And maybe Judge Walker is not an evil man. A courthouse acquaintance describes him as “warm and wonderful.” Maybe he’s a great guy, an exemplary judge, an incomparable husband and father. Maybe he wasn’t even impaired at the time of the accident – not drunk, not drugged, not speeding, not talking on a cell phone.

The fact remains that Dan Picagli is dead, and John Walker killed him. The conclusion? Perhaps it’s that someone can be a killer and a nice guy at the same time.

So: What should be done with the judge? My modest suggestion is, get him off the appeals bench and bust him back down to DUI court. Nobody should get away with hurting another person, but an awful lot of people who haven’t hurt anybody are pulled in by the law. We probably all know someone whose life has been derailed by a drunk driving checkpoint, or an accident that wasn’t really their fault.

It might be helpful to have a judge with some personal history ruling on DUI court cases. Maybe the system needs more judges with experience at the other end of the legal hierarchy. All we can hope for from this mess is that it’s made John M. Walker Jr. a more compassionate human being. If so, reassign him where that quality can do the most good.

first published as “Class Privilege is Still Alive and Thriving” in the Johnstown Breeze (Colorado) Dec. 14, 2006

 

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About Pat Hartman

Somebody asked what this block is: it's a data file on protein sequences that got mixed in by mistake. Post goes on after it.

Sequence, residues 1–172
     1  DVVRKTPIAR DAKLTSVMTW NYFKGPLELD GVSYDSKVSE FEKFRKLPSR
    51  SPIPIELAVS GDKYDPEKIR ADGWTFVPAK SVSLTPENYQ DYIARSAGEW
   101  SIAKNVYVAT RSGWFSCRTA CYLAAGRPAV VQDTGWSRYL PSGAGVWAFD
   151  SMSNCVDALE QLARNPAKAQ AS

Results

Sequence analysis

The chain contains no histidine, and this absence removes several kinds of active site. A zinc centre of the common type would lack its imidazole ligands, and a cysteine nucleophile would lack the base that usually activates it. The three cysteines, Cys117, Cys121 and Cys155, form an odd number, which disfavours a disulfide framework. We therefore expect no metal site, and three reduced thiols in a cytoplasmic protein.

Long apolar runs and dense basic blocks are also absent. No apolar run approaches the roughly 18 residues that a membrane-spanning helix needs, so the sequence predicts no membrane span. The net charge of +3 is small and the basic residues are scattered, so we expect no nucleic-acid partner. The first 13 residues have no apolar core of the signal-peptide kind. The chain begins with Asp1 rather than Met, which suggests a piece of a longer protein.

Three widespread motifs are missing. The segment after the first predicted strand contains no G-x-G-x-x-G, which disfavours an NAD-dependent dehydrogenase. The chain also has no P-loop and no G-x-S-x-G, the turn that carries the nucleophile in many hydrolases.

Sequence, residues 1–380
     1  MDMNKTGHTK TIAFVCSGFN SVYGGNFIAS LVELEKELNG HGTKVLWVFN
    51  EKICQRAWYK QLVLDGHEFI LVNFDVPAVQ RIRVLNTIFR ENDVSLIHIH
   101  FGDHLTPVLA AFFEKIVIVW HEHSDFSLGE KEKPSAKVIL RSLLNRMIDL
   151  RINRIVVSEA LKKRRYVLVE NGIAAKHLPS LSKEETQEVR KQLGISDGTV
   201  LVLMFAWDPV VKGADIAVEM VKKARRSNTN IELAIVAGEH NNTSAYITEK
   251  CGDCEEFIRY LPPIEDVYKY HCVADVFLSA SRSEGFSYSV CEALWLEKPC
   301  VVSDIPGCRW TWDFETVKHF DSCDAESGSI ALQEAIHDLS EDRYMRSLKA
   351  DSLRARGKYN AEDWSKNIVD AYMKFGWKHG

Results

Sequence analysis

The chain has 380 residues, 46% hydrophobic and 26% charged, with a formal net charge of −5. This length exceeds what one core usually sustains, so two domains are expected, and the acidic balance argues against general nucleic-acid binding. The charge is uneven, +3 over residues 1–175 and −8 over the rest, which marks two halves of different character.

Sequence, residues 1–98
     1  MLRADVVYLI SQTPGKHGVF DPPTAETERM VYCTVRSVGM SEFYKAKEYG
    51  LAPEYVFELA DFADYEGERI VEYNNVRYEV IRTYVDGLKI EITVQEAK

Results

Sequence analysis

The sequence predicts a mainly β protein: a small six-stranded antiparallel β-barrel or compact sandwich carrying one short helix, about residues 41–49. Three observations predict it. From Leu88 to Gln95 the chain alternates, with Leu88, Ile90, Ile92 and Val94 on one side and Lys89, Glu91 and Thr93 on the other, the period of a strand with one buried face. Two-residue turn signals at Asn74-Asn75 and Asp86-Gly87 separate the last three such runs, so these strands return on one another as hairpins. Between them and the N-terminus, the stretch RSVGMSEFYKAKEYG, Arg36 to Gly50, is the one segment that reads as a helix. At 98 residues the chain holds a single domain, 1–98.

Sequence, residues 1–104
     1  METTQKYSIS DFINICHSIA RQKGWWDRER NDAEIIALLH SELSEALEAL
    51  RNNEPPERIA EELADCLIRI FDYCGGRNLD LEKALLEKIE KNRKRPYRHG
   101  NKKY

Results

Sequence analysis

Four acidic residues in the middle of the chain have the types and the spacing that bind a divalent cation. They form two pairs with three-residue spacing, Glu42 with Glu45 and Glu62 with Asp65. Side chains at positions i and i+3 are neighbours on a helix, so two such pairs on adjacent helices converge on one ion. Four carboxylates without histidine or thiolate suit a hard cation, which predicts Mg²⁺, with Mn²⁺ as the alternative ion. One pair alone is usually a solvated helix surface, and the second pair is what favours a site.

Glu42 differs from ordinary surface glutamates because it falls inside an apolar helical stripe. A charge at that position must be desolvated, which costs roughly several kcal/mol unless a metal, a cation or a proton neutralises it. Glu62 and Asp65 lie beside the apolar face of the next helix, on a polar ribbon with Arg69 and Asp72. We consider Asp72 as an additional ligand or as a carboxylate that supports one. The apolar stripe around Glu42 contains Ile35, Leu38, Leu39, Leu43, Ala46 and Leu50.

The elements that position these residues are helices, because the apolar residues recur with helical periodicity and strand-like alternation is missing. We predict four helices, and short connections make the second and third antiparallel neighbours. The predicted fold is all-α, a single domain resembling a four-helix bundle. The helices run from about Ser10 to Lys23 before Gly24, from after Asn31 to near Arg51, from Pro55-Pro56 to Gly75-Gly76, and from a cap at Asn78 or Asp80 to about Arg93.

Before publishing the two books "Call Someplace Paradise" and "Ghost Town: A Venice California Life", my main project was "Salon: A Journal of Aesthetics. " I wrote extensively for "Scene," a monthly arts and entertainment magazine with a circulation of 25,000. Also proofread, sold ads, put together the music calendar and, for a couple of years, served as editor. Presided over a couple issues of the local NORML newsletter, as well as being featured speaker at chapter meetings. Wrote a complete screenplay; collaborated on another one; worked on a couple of scripts (additional dialog and general brainstorming) with an indie film producer. Booked the talent for a large music festival. Wrote, designed, illustrated and produced various catalogs and brochures for small businesses. Spoke at a high school as a panelist on Women in the Professions; was a featured speaker at the 1991 Women in Libertarianism Conference; presented public programs on "Success in One Lesson" and "The Bloomsbury Group: What's It To Us?" Created the website VirtualVenice.info and wrote many politically-oriented pieces for Earthblog.net